• Doug

    This would be even better if there was a cheap, easy way to project the image right-side-up.

  • Gentleman Rook

    Love the tutorial, marvelous idea, but: “…the surreal projections…” Really? Surreal? The action of a camera obscura is simple physics, a property of light. Surreal is filling a bathtub with brightly coloured machine parts and lightbulbs, then catching a forty foot tall animatronic giraffe on fire. Instead of leaping for the buzzword how about expanding our enjoyment of a fun _and_ educating article with thoughtful word choices. :)

  • Ashish Gurbani

    beautiful.. thanks for sharing

  • JS Stewart

    Nice article…and your term, “surreal” doesn’t bother me nor does the image being upside down. But then, I’ve spent a lot of time behind a view camera looking at an upside down image which seemed a little “surreal” at times.

  • Jonathan The Rat

    Aye, surreal is in the eye of the beholder

  • mahirh

    trapezoid prism?

  • Grandier

    no, he’s using the appropriate word choice.

    sur·re·al [suh-ree-uhl, -reel] Show IPA
    1. of, pertaining to, or characteristic of surrealism, an artistic and literary style; surrealistic.
    2. having the disorienting, hallucinatory quality of a dream; unreal; fantastic: surreal complexities of thebureaucracy.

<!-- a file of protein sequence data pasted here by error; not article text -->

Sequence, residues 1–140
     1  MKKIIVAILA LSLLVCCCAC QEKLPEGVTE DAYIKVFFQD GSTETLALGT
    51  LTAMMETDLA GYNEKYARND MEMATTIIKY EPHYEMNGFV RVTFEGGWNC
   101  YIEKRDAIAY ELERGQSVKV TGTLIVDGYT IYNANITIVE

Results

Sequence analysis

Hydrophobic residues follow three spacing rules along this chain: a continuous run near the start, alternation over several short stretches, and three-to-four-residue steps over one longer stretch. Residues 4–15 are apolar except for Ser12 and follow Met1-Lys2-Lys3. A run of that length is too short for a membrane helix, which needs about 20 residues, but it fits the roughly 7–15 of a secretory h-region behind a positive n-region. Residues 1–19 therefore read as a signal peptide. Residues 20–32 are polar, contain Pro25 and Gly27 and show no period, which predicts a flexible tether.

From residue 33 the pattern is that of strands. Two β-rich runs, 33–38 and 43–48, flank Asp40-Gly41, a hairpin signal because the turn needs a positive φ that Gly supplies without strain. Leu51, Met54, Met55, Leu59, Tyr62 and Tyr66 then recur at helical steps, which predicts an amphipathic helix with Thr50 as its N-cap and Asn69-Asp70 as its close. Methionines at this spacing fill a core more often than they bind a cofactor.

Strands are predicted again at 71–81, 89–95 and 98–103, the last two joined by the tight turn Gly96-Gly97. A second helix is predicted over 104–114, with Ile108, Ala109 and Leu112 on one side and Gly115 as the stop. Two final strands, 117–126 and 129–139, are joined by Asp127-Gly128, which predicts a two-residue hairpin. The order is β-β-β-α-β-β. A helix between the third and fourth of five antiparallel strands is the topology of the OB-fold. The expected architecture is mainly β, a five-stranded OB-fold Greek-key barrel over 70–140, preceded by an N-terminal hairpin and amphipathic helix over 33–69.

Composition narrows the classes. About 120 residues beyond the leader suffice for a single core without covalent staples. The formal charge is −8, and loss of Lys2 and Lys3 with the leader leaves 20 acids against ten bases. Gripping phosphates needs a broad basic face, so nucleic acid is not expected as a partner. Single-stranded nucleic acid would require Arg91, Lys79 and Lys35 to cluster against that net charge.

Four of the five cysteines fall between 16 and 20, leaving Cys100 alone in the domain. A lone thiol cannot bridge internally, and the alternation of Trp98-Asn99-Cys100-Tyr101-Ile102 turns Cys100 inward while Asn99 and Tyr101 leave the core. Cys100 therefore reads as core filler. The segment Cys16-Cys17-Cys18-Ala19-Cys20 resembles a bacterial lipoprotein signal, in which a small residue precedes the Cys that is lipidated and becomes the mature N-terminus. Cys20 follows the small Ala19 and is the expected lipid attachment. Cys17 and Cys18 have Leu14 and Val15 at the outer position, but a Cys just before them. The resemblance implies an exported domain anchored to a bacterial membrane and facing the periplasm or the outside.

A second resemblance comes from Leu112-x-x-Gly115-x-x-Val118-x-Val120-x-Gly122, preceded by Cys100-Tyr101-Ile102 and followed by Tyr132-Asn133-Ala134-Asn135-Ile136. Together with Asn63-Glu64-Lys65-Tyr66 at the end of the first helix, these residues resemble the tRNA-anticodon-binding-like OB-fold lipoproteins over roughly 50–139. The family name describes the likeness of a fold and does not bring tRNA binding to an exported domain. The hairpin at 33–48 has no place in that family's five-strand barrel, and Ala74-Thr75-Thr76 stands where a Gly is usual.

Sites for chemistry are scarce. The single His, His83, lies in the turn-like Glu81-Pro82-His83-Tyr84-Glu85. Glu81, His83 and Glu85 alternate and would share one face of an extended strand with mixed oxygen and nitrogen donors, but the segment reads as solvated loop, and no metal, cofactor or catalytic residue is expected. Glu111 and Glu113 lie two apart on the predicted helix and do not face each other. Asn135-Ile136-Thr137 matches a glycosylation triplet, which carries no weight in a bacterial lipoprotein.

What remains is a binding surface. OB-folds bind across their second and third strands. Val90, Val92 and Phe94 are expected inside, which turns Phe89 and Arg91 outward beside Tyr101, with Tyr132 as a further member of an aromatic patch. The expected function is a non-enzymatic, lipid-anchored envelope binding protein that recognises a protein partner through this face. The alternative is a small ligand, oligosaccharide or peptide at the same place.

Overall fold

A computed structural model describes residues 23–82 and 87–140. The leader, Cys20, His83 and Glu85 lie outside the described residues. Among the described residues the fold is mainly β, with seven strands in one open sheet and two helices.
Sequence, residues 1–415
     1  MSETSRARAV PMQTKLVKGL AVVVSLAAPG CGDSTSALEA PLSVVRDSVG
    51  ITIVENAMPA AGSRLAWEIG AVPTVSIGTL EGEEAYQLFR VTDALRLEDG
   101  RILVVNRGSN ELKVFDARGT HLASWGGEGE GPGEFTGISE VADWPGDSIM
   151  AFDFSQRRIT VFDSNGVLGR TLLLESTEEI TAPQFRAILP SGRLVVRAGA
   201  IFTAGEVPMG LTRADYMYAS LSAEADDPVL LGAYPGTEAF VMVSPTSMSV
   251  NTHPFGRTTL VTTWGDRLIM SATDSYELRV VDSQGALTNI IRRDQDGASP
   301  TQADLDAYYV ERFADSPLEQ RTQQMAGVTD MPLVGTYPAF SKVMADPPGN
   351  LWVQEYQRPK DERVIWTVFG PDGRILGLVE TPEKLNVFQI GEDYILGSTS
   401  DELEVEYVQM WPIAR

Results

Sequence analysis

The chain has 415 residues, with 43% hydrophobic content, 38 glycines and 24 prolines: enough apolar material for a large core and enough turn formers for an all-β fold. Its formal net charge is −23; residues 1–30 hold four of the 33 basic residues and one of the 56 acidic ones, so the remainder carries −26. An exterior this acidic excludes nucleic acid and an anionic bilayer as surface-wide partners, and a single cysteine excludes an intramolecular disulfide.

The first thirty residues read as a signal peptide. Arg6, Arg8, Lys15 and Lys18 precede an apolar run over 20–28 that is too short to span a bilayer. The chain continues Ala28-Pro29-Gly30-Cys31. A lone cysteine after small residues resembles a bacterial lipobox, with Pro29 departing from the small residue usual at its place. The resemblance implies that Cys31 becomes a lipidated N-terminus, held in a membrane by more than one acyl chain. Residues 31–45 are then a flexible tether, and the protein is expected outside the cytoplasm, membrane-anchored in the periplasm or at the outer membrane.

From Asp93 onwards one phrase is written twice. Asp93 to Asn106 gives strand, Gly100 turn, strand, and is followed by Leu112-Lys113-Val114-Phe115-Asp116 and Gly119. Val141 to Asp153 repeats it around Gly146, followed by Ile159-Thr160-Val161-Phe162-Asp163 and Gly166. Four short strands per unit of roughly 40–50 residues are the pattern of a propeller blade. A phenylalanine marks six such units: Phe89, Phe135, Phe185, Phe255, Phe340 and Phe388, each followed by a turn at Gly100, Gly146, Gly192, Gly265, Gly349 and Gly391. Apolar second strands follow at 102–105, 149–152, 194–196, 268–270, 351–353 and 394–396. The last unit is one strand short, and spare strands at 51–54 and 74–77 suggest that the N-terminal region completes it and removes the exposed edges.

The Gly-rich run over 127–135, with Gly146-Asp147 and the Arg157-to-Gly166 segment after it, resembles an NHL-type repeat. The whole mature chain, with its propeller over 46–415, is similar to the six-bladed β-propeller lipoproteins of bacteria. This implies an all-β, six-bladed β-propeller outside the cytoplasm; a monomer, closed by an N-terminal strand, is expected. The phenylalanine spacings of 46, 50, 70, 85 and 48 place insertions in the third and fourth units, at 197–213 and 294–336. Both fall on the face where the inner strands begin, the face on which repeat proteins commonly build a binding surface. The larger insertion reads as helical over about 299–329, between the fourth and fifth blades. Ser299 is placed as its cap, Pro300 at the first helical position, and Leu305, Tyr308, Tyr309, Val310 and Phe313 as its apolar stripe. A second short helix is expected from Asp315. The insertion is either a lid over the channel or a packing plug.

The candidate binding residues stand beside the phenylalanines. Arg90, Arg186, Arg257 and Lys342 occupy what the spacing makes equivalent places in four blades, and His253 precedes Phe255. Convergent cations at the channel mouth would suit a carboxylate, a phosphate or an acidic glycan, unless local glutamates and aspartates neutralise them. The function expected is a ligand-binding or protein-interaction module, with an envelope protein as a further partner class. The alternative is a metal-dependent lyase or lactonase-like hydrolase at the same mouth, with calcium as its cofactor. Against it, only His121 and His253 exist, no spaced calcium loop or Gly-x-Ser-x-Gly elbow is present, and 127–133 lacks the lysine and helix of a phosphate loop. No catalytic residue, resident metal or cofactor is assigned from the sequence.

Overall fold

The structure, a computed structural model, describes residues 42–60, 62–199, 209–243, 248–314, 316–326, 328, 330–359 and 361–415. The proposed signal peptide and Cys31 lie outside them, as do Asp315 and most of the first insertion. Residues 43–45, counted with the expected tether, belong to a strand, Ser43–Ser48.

it’s disorienting (projected upside down), hallucinatory quality/unreal (visuals of outside INSIDE your room), and fantastic (the idea at least, although it’s quite subjective overall). simple physics it may be, but the end results makes it worth to be called ‘surreal’, just like your idea of surreal which can be passed off as a simple installment.

  • Daniel Eoin Duarte

    Abe Morell… been there, done that

  • ecardenas

    I want to know how to figure out what lens you could use to get a sharper image and these distances. You can only make the hole so small before you’re needing very long exposures and large holes leave the image fuzzy if you don’t use a lens.


    Its amazing.

  • Jonathan The Rat

    Cheap & easy

  • dan110024

    Is that it? I never knew it was so simple!

  • disqus_Y6pMWbiNOA

    Considering this is an article from Destruction of Cats, I’m sure illicit street drugs were probably involved so “surreal” is an apt usage of the word. 10/10 would read again. ;)

  • Smarten_Up

    But–better than “gouging” an aperture, is to cut it carefully, with sharp edges. Start with maybe a one inch diameter, and make up a few cards with smaller, also well-cut apertures, and tape these over the bigger hole as your eyes adapt. Or use for the really sunny days.